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how does licensed and bonded benefit consumer?

how does licensed and bonded benefit consumer?

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  #1  
Old 01-22-11, 10:20 AM
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how does licensed and bonded benefit consumer?

I had a mason do some work so I could have a woodstove installed where a fireplace with heatilator had been. When the stove installers came they said they couldn't install because of exposed wood being too close. I've since had 4 masons come look at the situation and all agree with the installers and say the problem is that the mason didn't do the work correctly. He left a large gap where he should have closed with brick. Plus, to fix it they'd have to remove at least half of the previous work. The mason that did the poor work is licensed and bonded. Does the license or bond help in this situation? I paid him to do work that I will now have to pay to have removed
Thanks in advance for your help
Boze
 
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  #2  
Old 01-22-11, 11:16 AM
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Does the license or bond help in this situation?
Not really, but if he's a reputable business, he'd want to make it right and come out and fix the problem. Have you called him? If you did, and he doesn't want to own up, you can always take him to small claims court, altho that can be a hassle.
 
  #3  
Old 01-22-11, 12:27 PM
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I contacted him the day the installers came and gave me the 'no go'. He said he thought the exposed wood was far enough away. I didn't ask him to do anything at that time since I only had the installers word against his. That was 3 1/2 weeks ago.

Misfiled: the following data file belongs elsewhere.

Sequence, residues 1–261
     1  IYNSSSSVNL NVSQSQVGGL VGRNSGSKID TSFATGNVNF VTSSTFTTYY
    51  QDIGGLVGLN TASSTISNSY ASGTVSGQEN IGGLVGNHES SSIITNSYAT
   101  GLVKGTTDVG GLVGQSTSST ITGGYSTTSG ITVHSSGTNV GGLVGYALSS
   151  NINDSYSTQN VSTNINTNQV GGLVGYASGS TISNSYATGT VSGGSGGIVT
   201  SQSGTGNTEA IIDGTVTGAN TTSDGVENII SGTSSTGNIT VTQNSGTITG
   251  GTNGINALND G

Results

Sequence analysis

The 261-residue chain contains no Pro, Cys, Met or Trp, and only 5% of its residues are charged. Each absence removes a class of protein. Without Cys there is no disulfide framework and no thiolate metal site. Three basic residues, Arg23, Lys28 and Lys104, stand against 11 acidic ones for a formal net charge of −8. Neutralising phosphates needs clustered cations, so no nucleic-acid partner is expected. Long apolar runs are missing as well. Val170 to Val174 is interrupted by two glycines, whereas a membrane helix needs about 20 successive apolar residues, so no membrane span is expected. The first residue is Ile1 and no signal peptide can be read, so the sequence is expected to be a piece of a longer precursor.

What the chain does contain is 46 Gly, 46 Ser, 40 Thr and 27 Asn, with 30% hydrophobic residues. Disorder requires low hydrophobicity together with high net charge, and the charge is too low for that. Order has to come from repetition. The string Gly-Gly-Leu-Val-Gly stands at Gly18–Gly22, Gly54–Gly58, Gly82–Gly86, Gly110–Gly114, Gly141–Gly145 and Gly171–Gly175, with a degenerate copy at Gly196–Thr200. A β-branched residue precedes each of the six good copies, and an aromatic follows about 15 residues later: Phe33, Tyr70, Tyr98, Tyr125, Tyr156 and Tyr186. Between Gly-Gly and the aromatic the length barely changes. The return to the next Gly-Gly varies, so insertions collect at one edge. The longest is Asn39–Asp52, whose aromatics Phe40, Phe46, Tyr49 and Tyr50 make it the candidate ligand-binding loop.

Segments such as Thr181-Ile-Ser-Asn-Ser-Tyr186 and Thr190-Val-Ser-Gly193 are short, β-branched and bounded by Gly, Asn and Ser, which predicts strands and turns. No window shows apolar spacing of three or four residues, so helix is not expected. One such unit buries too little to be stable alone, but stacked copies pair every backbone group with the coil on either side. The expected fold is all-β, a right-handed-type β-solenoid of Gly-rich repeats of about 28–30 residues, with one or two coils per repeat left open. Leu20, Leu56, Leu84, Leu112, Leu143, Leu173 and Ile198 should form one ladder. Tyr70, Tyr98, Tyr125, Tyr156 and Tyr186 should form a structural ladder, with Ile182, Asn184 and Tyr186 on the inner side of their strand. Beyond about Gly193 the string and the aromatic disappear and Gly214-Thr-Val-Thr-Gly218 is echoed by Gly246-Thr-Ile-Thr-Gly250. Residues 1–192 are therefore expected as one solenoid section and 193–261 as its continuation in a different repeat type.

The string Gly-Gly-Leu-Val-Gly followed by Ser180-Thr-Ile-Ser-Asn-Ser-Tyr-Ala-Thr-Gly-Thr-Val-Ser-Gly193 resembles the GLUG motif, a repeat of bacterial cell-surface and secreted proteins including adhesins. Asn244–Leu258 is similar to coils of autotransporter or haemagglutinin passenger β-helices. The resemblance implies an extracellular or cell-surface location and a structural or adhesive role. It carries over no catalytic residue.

I just emailed him yesterday morning to let him know what the other masons told me. If he doesn't reply or call with an offer of some sort of reimbursement or fix I'll email him again after a few days and specifically ASK if he has anything he can offer. I'm using email so I have something in writing.

As far as the licensed and bonded what's the purpose of having that? I've heard to be sure a contractor you hire has that.
 
  #4  
Old 01-22-11, 01:07 PM
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Licensed basically means you have the governments authority to do business. Depending on local laws this could mean as little as just having a business license or having passed an exam and paid fees to be certified [like an electrician]

While I used to have my own business and was licensed, I wasn't bonded. I think bonded is basically an insurance policy the business owner pays for - I'm not sure what all it covers and it might vary a bit between trades. If the mason doesn't step up to the plate, you might see if contacting your local BBB does any good. Would it be possible/feasible to enclose the gap with metal?
 
  #6  
Old 02-17-11, 05:56 AM
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Thanks tow_guy. Somehow I missed your response until today.

Thanks to everyone for the info they provided. In this case it doesn't look like licensed & bonded will do much to help but it's still probably a good thing to look for in a contractor.
 
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